Score: 7/10

In our Festival da Canção Wiwi Jury, we have 14 jurors but only room for six reviews. The rest of our scores can be found below:

Antranig: 7/10

Bernardo: 6.5/10

Chris: 6.5/10

Gökhan: 7.5/10

Jordi: 4/10

Matt: 9/10

Mikhail: 4/10

Natalie: 7.5/10

 

 

 

 

Before calculating the average score, the highest and lowest scores are dropped. This is to remove outliers and reduce potential bias. We have removed a low of 3 and a high of 9.

Wiwi Jury Verdict: 5.88/10

See our list of Festival da Canção reviews here

Read more Portugal news here

16 Comments
Newest
Oldest Most Voted
Inline Feedbacks
View all comments
Alex
Alex
5 years ago

The first time I listened to Lena’s song, nothing caught my attention. That’s not good for ESC. On second listen though, it’s nice and cheery.

The winner should still be Salvador. His song is beautiful and timeless, and his vocals are wonderfully delicate and heartfelt. The performance is moving but subtle. Portuguese voters, pay attention. If his song wins, it would immediately top the list of ballads in the contest for me. It’s just so nice.

4li3n
4li3n
5 years ago

Many songs in Eurovision are contemporany and sound date, much of them made top 10 in last year.

Ianis
Ianis
5 years ago

Don’t understand the concept of dated….more than that I read comments like….is so 2011….so 2012….so 2013. How can you tell EXACTLY? Can someone give an example of song that is……so 2017 ?????!!!!!!!

Héctor
Héctor
5 years ago

It has to be Pedro Gonçalves for me! Good song and is catchy too. Yes, maybe it won’t outstand in Kiev, but it would be a step in the right way. Salvador, aka the autistic boy with strange moves and dated song, shouldn’t win. Not hating, but I can’t see why people consider it that good, it’s creepy. Not to mention we had a lot of ballads and slow songs…

Portugal could go to the highest places in my top with Pedro Gonçalves or the lowest with Salvador (or anyone else).

Polegend Godgarina
5 years ago

@ cheesecake – 2011 is more recent than 1975, so I guess his song is more modern than the others, but on its own it’s still dated.

cheesecake
cheesecake
5 years ago

Pedro’s song is not modern because it’s in English, but because it’s actually modern (compared to the other FdC entries).

Alexandre
Alexandre
5 years ago

Salvador underrated. Despite he’s the little winner of the wiwibloggs’ juri in the national selection … The true is that his entry can towering like Mount Everest over all the others in ESC.

Ianis
Ianis
5 years ago

Pedro with a little portuguese in the lyrics…. <3 <3 <3

Alex
Alex
5 years ago

I hope Pedro wins. As others have pointed out, his song is a little dated, but it’s still the most contemporary thing Portugal has in the nf. Which is quite sad tbh, as we were promised an upgrade into the modern age. If he wins, he could still change one chorus into Portuguese, it would probably sound very good, and it would bring down the number of 100% English songs.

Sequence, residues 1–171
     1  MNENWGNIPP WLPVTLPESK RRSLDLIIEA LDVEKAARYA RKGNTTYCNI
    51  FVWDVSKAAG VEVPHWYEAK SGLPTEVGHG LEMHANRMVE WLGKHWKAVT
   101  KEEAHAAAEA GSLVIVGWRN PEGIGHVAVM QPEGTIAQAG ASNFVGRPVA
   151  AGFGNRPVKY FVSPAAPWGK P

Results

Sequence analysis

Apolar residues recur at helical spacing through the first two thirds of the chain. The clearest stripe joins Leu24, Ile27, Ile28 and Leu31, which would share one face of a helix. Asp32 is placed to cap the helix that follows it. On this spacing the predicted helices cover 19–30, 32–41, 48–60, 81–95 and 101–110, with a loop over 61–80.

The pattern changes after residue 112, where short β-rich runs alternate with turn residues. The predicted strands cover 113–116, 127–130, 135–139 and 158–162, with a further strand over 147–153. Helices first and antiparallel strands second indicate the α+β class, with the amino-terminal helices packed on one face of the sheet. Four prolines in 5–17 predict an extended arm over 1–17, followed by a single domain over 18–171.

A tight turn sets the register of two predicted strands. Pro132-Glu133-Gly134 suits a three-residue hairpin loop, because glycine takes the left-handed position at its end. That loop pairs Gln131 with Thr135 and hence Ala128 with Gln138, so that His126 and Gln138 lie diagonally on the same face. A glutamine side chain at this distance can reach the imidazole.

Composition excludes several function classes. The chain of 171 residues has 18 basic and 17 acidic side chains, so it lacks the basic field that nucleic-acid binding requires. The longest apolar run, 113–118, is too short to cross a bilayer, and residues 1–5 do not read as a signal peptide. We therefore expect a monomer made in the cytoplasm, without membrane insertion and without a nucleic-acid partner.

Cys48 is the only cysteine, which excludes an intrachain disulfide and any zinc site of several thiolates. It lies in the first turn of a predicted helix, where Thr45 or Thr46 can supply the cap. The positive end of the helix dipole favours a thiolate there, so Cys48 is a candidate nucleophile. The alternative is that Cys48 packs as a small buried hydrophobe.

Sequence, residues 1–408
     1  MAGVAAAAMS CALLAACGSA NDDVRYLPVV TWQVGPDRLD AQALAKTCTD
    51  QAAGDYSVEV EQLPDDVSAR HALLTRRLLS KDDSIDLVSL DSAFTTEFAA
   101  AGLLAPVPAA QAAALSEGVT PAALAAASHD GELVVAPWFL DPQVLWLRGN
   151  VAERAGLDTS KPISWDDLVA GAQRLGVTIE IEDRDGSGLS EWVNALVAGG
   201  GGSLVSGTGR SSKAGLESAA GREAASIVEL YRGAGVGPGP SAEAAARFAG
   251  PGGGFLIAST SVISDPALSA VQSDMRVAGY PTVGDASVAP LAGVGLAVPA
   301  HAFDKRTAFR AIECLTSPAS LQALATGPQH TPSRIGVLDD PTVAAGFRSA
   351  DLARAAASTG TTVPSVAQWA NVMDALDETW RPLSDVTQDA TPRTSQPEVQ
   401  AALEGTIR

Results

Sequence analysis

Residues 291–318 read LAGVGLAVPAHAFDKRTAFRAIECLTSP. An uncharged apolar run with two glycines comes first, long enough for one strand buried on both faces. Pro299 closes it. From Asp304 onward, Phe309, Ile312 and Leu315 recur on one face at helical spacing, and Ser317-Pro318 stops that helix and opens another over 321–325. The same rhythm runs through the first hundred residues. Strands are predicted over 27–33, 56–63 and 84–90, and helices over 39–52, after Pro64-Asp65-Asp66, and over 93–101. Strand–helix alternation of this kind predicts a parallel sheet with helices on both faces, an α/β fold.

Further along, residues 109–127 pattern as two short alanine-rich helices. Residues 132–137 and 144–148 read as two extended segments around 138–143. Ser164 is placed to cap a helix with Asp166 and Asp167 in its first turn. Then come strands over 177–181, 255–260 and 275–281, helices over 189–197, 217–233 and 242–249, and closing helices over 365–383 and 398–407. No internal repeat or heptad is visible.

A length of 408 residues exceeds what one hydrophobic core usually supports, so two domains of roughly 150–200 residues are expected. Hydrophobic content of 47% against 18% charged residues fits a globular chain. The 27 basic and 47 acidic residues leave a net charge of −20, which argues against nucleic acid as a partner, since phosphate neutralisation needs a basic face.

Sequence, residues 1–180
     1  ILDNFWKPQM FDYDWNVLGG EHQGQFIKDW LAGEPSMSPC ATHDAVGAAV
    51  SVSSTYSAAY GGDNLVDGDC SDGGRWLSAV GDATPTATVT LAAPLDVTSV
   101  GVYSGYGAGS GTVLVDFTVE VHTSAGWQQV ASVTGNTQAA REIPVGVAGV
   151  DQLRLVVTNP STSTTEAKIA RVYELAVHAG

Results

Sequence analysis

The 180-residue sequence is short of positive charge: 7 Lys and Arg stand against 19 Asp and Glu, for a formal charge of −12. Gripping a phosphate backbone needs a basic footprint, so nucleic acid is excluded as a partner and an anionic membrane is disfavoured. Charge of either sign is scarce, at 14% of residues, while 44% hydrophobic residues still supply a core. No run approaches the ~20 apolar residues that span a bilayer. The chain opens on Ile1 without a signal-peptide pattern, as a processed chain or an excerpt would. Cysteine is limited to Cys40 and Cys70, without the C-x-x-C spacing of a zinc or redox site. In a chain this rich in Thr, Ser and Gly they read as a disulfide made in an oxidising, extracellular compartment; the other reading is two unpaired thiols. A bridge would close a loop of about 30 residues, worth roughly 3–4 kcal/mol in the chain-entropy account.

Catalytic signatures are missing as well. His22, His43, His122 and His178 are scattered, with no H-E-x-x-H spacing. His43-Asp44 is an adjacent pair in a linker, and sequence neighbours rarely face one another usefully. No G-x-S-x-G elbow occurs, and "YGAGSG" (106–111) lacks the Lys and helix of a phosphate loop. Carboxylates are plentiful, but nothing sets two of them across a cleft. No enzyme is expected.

Kine Blakstad Christensen
Kine Blakstad Christensen
5 years ago

Love Pedro, it’s a song that would be qualified for Supernova. I hope he really wins so Portugal will get a chance of qualifying to the final.

James
James
5 years ago

Pedro’s song is so overrated by fans. Whether the song is sung in English or not, it is still a weak song that’s no better than everything else on the line-up apart from being the more “contemporary” one.

And besides, since when was English the equivalent of a modern-sounding song?

Polegend Godgarina
5 years ago

@ Colin – I agree. Last year here in Italy during the final people were complaining on social media about all the songs (except Austria’s) being totally or partially in English. I feel like the general public is over that impersonal trend and wants to hear the country’s traditions. Portugal has a rich culture, and sending Pedro would be a shame for them.

Polegend Godgarina
5 years ago

For Lena, I agree with the reviews – not a bad song, but it never left me impressed. As for Pedro… I think it’s lowkey a disaster. The song is, as some have pointed out, dated – that synth going on in the chorus is something we haven’t yeard in almost a decade. The Portuguese fans will consider it outstanding in their own national selection, but from an international point of view, a traditional song would be more outstanding. And let’s not mention the grating sound he makes before the second chorus – he sounds like a cat after you’ve… Read more »

Colin
Colin
5 years ago

I am not familiar with the rest of Lena D’Agua’s career and she might be wonderful, but this song is quite tragic. It’s boring, it has no melody, no chorus, no nothing I can hold on to. I am genuinely surprised it didn’t score as low as 1.9 or so. There are songs I find way better that scored lower than this. Pedro’s song is, to quote some users (and pardon for my French) – a ‘fanwank’. They like it because it’s in English and somehow it makes it more modern or more interesting. For me, it sounds like one… Read more »

Mark
Mark
5 years ago

Pedro, please come back next year with a better song

oli
oli
5 years ago

So disappointed about your score for Salvador Sobral… I think it’s an EXQUISITE song, truly non-eurovision style, but nevertheless very delicate and beautiful. I think that is one of this rare songs that surprinsingly performs well in Eurovision (like Latva 2005 or Netherlands 2014).